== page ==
… I did a very long, very interesting on-camera interview about the making of Babylon Five early on. So she calls me and she tells me they’d like to use it on the DVD, and can that be arranged? And I said, “Absolutely, all you gotta do is pay me,” and she said, “What?” And I said, “You gotta pay me!” She said, “Well, everybody else is, just, you know, doing it for nothing.”

There's more here and it's worth reading. If the suits are stiffing Harlan Ellison, what do you think they're going to do to the likes of you and me? And doesn't this imply that certain artists/writers with marquee value equivalent to Mr. Ellison must be doing it for free?

As the prostitute Miss Trixie put it in Jacques O'Bean's classic satire of American politics & mores, American Candide:

“Doctor Pantone always said that the business of Freedonia is business … That means don’t do anything for free, unless you want everyone to disrespect you and call you a really cheap slut. And that kind of sucks.”

Monday, November 7, 2011

Fit 7, pg. 73/1 … the snarkhunters of kumaon

We've arrived at the central conceit of this particular Fit of the Snark. The Banker, played here by the Eminent Continental Steamer, Karl Marx, is about to be assaulted by his nemesis, the Bandersnatch. You can see the latter's oddly mishapen hand clutching at the rotund Teuton's bloated ankle.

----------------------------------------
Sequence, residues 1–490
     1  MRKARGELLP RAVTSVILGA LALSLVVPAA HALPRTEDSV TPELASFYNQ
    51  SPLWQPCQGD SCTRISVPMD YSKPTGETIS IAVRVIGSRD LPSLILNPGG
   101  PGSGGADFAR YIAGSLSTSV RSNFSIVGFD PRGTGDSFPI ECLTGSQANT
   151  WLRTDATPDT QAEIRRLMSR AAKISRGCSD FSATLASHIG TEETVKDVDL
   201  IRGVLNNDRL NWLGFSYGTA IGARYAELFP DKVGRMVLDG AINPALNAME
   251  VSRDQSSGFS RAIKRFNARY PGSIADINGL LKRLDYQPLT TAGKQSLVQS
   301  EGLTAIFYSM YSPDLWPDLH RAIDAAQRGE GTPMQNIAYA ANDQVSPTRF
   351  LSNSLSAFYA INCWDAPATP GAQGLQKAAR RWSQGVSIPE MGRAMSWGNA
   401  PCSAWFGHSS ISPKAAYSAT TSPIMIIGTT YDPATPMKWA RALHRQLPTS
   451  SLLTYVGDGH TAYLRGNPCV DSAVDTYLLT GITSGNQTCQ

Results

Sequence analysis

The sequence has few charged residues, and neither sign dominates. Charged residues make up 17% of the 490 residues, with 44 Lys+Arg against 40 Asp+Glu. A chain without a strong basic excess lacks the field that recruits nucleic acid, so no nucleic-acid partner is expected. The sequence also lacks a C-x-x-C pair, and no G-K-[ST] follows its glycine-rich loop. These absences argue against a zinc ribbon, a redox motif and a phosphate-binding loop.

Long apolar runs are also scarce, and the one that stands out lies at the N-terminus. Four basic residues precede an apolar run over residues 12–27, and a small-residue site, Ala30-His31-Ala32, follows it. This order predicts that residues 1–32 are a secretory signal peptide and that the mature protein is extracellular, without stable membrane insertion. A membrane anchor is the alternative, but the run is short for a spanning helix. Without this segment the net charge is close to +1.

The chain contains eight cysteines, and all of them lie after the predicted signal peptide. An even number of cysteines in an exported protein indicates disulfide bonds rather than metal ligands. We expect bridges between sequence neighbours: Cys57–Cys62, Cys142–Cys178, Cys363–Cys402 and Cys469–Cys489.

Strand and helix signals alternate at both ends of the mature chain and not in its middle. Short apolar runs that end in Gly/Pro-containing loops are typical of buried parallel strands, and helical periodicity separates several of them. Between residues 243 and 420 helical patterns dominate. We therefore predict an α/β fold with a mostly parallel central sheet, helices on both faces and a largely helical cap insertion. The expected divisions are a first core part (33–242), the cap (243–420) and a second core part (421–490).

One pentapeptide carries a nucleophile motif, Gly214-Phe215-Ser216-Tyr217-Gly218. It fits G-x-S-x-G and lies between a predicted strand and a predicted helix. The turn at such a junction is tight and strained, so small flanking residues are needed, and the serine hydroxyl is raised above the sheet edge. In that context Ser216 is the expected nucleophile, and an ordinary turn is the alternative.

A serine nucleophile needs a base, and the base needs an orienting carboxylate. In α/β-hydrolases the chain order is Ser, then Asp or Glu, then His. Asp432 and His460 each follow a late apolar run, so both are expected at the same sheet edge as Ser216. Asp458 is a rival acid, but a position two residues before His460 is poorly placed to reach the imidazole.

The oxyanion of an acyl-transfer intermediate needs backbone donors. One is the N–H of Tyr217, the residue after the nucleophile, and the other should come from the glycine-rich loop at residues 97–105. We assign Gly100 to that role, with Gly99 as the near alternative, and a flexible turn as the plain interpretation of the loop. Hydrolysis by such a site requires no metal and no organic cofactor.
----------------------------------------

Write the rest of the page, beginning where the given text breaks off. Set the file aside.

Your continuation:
Karl Marx never visited the Old Delhi Railway Station, nor did the Admirable Carroll but we can be fairly certain that if they did, the general tenor of their surroundings would have appeared much as this artist has depicted them. The animal and mannequin headed bystanders, the bazaar atmosphere of narghila-puffing loafers, complete with a snake-charmer awakening the mysterious inhabitant of his basket, it's all there.

Perhaps the less-travelled reader will be taken aback by this local color but those of you who ever wandered into Old Delhi will heave an appreciative, paan-fumed sigh. It's all there, the latter will confirm, and the artist has done a slap-up job of capturing the ineffable, nonsensical air of the place.

In short, thanks to a little judicious visual interpolation and conflation by yours truly, the poet Carroll has done a superb job — despite himself — of conveying the air of a place where he had never been and probably never wished to be. And that is the very essence of hunting a Snark, a beast which conceals itself by cleverly non-existing wherever you are — you need to be where you aren't to pick up its ineffable trail.

To be where you cannot possibly be, that is the Snark Hunter's essential dilemma and you might as well get over it right now. It's not logical, Carrollian Nonsense, so go ahead and heave out your pathetic shriek of despair as you understand — too late! — that it's useless to fly!

Take a locally crosshatched scooter rickshaw instead, sahib, and above all, don't drink the water.